Shadow economy and tax evasion in the EU

Author:Friedrich Schneider, Konrad Raczkowski, Bogdan Mróz
Position:Department of Economics, Johannes Kepler Univeristy, Linz, Austria; Institute of Economics, University of Social Sciences, Warsaw, Poland; Department of Management, Warsaw School of Economics, Warsaw, Poland
Pages:34-51
SUMMARY

Purpose - The main purpose of this paper is to explore size of the shadow economy of 31 European Countries in 2014 and size of the shadow economy of 28 European Union countries over 2003-2014 (in per cent of official GDP). An additional objective is to identify tax evasion, as the problem of all the EU countries, answering the questions how better combat the tax fraud. Design/methodology/approach - Estimates of the shadow economy for all 28... (see full summary)

 
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Shadow economy and tax
evasion in the EU
Friedrich Schneider
Department of Economics, Johannes Kepler Univeristy, Linz, Austria
Konrad Raczkowski
Institute of Economics, University of Social Sciences, Warsaw, Poland, and
Bogdan Mróz
Department of Management, Warsaw School of Economics, Warsaw, Poland
Abstract
Purpose – The main purpose of this paper is to explore size of the shadow economy of 31 European
Countries in 2014 and size of the shadow economy of 28 European Union countries over 2003-2014 (in
per cent of ofcial GDP). An additional objective is to identify tax evasion, as the problem of all the EU
countries, answering the questions how better combat the tax fraud.
Design/methodology/approach – Estimates of the shadow economy for all 28 European Union
countries and other three countries from Europe, i.e. Norway, Switzerland and Turkey – MIMIC method
was applied.
Findings – The average size of the shadow economy in 28 EU countries was 22.6 per cent in 2003 and
decreased to 18.6 per cent (of ofcial GDP) in 2014. We also consider the most important driving forces
of the shadow economy. The biggest ones are with 14.6 per cent unemployment and self-employment,
followed by tax morale with 14.5 per cent and GDP growth with 14.3 per cent. The proportion of tax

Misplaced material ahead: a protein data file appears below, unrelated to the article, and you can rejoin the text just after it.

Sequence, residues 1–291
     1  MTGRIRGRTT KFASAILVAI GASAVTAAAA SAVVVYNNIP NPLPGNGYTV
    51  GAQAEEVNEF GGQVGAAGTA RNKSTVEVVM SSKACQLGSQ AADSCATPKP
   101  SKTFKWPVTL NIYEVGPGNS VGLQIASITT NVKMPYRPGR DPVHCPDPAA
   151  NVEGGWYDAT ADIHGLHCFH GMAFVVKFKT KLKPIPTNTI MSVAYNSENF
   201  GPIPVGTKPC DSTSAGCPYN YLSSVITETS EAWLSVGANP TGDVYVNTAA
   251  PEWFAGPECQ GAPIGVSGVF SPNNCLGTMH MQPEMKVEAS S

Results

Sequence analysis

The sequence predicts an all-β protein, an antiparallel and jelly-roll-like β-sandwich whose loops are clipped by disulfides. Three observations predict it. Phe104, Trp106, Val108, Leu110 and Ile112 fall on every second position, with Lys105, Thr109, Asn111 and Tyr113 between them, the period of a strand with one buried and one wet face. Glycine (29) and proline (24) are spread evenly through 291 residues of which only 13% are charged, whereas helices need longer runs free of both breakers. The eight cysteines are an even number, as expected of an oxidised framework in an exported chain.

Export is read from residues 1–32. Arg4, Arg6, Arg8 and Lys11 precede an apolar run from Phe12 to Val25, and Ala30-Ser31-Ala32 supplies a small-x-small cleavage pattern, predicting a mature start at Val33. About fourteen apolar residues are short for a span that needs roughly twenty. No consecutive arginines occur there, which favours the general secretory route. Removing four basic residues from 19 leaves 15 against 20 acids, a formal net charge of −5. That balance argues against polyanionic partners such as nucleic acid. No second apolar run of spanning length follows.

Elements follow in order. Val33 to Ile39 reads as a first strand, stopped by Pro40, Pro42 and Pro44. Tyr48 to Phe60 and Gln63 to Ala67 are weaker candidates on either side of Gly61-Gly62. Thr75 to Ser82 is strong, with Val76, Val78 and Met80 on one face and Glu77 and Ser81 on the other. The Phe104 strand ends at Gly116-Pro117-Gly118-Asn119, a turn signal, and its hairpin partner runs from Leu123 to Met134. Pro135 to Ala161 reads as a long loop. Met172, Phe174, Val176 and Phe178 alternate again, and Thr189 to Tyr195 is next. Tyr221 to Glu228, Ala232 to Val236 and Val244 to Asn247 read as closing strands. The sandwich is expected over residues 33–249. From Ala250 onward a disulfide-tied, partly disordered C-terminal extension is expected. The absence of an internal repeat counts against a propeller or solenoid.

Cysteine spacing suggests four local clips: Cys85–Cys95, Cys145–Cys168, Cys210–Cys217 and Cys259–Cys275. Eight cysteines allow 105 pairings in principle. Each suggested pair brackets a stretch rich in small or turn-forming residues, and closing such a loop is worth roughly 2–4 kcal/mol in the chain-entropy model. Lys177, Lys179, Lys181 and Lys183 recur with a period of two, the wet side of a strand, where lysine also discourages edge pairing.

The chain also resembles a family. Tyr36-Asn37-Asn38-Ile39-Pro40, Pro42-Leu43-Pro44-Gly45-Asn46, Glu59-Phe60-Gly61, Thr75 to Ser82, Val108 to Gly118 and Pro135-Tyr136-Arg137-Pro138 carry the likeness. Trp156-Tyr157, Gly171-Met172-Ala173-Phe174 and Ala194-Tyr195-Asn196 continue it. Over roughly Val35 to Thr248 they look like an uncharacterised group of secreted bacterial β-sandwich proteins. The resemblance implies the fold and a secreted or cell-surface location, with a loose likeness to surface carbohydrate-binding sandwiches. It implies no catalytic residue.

evasion (accounting for indirect taxation and self-employment activities) was on average 4.2 per cent (of
ofcial GDP) in Poland, 1.9 per cent in Germany and 2.9 per cent in the Czech Republic.
Research limitations/implications The MIMIC statistics do not address a large part of the
wholly illegal economy (of typically criminal nature) and, accordingly, it is not an absolute magnitude
of the whole unofcial economy. However, it does not seem that other, alternative, methods of
measuring the unofcial economy are better in individual terms.
Practical implications Current statistical research should lead to practical acceptance in the
framework of need for developing better organizational & legal ways for multi-level governance within
the European Union, leading to effective methods of counteracting – in particular intra-Union fraud. In
addition, the presentation of a review of typology of the main theories and studies regarding the
unofcial economy aspects relating to tax evasion constitutes a practical review of the pursued research
areas.
Social implications – Safeguarding the national economy as a whole, by seeking ways of reducing
the scope of shadow economy.
Originality/value Both regarding presentation of the latest shadow economy estimates and
typology of its main studies and theories.
Keywords Tax evasion, Shadow economy, Economic growth, Reverse charge, Tax avoidance
Paper type Research paper
JEL classication – D78, H11, H26, K42, O57, U17
The current issue and full text archive of this journal is available on Emerald Insight at:
www.emeraldinsight.com/1368-5201.htm
JMLC
18,1
34
Journalof Money Laundering
Control
Vol.18 No. 1, 2015
pp.34-51